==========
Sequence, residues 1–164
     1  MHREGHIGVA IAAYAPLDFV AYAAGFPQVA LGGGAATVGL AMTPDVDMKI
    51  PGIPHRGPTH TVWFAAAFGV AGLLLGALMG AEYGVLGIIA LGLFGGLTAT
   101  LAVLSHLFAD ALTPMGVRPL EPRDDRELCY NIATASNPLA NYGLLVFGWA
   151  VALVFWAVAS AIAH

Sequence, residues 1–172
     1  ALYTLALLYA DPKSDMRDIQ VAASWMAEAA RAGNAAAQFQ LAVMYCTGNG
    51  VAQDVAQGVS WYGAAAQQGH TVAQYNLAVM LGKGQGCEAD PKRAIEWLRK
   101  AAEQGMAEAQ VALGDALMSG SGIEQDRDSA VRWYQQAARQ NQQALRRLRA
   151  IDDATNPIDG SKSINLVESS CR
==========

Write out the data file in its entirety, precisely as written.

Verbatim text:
Sequence, residues 1–164
     1  MHREGHIGVA IAAYAPLDFV AYAAGFPQVA LGGGAATVGL AMTPDVDMKI
    51  PGIPHRGPTH TVWFAAAFGV AGLLLGALMG AEYGVLGIIA LGLFGGLTAT
   101  LAVLSHLFAD ALTPMGVRPL EPRDDRELCY NIATASNPLA NYGLLVFGWA
   151  VALVFWAVAS AIAH

Sequence, residues 1–172
     1  ALYTLALLYA DPKSDMRDIQ VAASWMAEAA RAGNAAAQFQ LAVMYCTGNG
    51  VAQDVAQGVS WYGAAAQQGH TVAQYNLAVM LGKGQGCEAD PKRAIEWLRK
   101  AAEQGMAEAQ VALGDALMSG SGIEQDRDSA VRWYQQAARQ NQQALRRLRA
   151  IDDATNPIDG SKSINLVESS CR